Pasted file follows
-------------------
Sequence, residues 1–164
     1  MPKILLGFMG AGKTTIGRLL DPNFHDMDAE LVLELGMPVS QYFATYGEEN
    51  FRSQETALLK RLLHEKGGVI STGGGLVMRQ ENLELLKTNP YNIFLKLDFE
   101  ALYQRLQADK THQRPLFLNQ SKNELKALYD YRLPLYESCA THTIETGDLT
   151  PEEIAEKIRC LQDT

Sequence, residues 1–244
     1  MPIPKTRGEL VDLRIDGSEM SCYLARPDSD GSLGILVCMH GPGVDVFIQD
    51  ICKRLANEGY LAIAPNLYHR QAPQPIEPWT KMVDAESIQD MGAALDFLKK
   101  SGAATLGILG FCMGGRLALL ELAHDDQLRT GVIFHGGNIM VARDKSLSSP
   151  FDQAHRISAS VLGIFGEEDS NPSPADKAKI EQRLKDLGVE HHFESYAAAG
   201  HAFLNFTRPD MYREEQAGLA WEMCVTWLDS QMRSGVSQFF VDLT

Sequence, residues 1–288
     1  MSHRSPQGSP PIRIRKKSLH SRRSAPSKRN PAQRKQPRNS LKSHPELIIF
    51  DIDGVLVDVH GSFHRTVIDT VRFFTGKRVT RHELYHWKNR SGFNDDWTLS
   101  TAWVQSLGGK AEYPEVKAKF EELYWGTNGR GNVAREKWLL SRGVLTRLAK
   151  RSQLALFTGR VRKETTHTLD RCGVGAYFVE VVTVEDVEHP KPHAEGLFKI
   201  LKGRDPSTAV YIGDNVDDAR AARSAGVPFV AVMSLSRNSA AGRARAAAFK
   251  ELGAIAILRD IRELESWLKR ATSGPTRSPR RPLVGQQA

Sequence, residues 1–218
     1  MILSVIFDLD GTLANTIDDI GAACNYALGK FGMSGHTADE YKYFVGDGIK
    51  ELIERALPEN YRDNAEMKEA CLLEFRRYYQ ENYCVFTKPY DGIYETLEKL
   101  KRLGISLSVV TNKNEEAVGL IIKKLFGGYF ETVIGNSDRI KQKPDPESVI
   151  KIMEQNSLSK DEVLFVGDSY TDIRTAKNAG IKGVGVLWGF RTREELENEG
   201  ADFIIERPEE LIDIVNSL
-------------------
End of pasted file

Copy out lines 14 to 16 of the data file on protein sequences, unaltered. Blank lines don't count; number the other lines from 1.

    51  DIDGVLVDVH GSFHRTVIDT VRFFTGKRVT RHELYHWKNR SGFNDDWTLS
   101  TAWVQSLGGK AEYPEVKAKF EELYWGTNGR GNVAREKWLL SRGVLTRLAK
   151  RSQLALFTGR VRKETTHTLD RCGVGAYFVE VVTVEDVEHP KPHAEGLFKI